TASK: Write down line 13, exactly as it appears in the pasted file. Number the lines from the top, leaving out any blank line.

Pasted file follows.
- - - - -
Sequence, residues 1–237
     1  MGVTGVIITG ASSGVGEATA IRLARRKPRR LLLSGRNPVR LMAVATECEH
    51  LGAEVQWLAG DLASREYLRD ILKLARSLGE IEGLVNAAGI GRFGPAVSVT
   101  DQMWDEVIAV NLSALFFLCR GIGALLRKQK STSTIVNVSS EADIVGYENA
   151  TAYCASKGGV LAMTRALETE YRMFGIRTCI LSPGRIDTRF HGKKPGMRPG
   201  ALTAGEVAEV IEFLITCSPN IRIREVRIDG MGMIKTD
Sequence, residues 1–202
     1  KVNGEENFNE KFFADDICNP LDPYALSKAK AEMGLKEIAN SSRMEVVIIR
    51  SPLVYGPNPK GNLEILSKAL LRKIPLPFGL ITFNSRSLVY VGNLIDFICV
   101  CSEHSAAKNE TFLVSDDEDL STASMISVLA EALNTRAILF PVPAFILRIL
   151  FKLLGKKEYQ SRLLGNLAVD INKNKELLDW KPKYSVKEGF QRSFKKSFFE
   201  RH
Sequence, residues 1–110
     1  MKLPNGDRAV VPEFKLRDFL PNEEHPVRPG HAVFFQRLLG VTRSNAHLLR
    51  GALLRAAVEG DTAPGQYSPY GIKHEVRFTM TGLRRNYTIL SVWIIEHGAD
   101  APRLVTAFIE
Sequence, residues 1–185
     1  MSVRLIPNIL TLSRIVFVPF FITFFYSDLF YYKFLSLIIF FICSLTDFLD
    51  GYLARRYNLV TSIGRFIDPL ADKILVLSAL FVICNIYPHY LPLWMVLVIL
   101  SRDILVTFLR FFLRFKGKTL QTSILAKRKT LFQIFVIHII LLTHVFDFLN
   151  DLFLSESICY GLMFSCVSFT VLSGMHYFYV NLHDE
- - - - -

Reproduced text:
Sequence, residues 1–110